The Doctor Is in (Again)

SINCE ITS DEBUT IN 1965, EVERY EPISODE of NBC’s Days of Our Lives has opened with the same incantation: “Like sands through the hourglass, so are the days of our lives.” And for 26 years, the voice behind that cautionary reminder has been the same: the sonorous baritone of Macdonald Carey—the series’ sage patriarch, Dr. Tom Horton. But for Carey, 78, the message took on a special urgency last Sept. 19 when he underwent surgery at St. John’s Hospital in Santa Monica to remove a small malignant tumor on his left lung. Out for seven weeks, the still recuperating Carey resumed taping episodes Oct. 30 and returned to the air Nov. 29. His comeback was heralded by a poignant cast party. “Everyone was so relieved and happy to see him,” says Frances Reid, who plays Dr. Horton’s wife, Alice.

As befits his TV image, Carey was almost clinical about his illness. “If it had sprouted tentacles around the edges,” he says of the 3-mm growth, “that’s when I would have really started to worry about it.” Since the growth was completely removed, chemotherapy was not required, and his doctors are optimistic that his disease isn’t likely to return. But the recovery period, which is being spent primarily at his modest Beverly Hills house, is the most challenging part of his ordeal. “For someone who’s as active as I am, it’s a booore,” croons Carey, who is relieved to be free of the small forest of floral arrangements he received. “A great mass of flowers—bad psychological vibes,” he says.

Carey’s trauma is only the latest wrench in a life that could supply a soap like Days with a decade’s worth of story lines. For much of his life, the actor was an alcoholic. His only marriage, to aspiring actress Betty Heckscher, the mother of his six children, ended, after 26 years, in 1969. “She came to a point of intolerance and just wouldn’t take any more,” he says of the drinking that contributed to the breakup. (The two still talk occasionally; Betty, now 74 and a real estate agent, has remarried twice.) Three years before the divorce, his second daughter, Lisa, was diagnosed as schizophrenic. “She started hearing voices and said that somebody was coming to get her,” Carey recalls. Through the years, Lisa, now 42, has been treated both in hospitals and at home; two months ago she began taking Clozaril, a drug that has shown some effectiveness in treating schizophrenia. Carey, who visits Lisa weekly, is frank about the effect her illness had on his drinking: “Lisa was just another excuse to get drunk.”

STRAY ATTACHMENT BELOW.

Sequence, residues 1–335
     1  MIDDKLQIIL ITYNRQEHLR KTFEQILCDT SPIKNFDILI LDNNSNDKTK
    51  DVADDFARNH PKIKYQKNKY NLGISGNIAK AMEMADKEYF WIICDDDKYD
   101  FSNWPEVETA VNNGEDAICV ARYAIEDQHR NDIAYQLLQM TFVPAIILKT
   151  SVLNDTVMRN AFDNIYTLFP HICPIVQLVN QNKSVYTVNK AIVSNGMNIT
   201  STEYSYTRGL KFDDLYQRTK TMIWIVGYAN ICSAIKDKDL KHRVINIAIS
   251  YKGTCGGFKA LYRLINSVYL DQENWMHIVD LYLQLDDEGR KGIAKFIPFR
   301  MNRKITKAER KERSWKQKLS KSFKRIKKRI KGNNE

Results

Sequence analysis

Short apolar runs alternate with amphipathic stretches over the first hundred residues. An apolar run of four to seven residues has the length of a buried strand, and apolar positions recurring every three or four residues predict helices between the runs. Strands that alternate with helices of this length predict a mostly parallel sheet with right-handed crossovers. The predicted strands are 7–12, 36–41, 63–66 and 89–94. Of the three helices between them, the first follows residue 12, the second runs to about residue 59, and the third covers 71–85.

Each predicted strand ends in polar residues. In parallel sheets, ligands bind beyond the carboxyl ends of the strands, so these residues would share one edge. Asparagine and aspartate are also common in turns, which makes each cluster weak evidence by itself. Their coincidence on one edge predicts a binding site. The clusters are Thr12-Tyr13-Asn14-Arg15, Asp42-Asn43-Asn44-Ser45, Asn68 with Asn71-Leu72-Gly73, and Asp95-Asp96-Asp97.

The son of Charles Carey, a business manager and banker, and his wife, Elizabeth, a violin teacher, Carey grew up one of three siblings in Sioux City, Iowa. There he got his first taste of both acting—at age 6, as Simple Simon in a Mother Goose play—and alcohol. Both hooked him. In high school, drunkenness “was a rite of passage,” he says, “seeing how many spiked beers you could drink.” Despite his worsening alcoholism. Carey’s career grew and flourished; he has appeared in 65 films and many Broadway plays and radio shows. Eventually, though, his behavior caught up with him most dramatically on the set of Days. “It was just awful,” says Reid. “He would come in with these massive hangovers, and he would try not to start to drink. Then he would get the shakes.” Carey says he doesn’t remember those episodes, but does remember the day—Jan. 8, 1982—he quit drinking. “I suddenly realized that it was affecting my work so directly that even I had to notice.” Later that day he entered a treatment program.

One support that has helped Carey through his ordeal has been Lois Kraines, his girlfriend of 18 years. “He is my best friend and I am his,” says Kraines, 63. The couple have pondered marriage, but Kraines didn’t want to wed until her two children from a previous marriage were grown, and by that time Carey’s ways were set. “I’m very selfish,” he says (the two maintain separate homes). “A bachelor gets to be this way.” Still, he adds, “She’s just always been there for me.”

These days, that means speeding Carey’s postsurgery recovery with homemade chicken stew and pulling up with his natural impatience. Carey would like to get back to the album of show tunes he hopes to record; he is writing his fourth book of poetry (Carey has published three poetry books already, as well as, last February, his autobiography, The Days of My Life) and swimming 40 laps a day in his backyard pool. As ever, Carey is itching to move ahead. “If you think you’re a complete product in life, forget yourself,” he says. “Hopefully there’s something better around the bend.”



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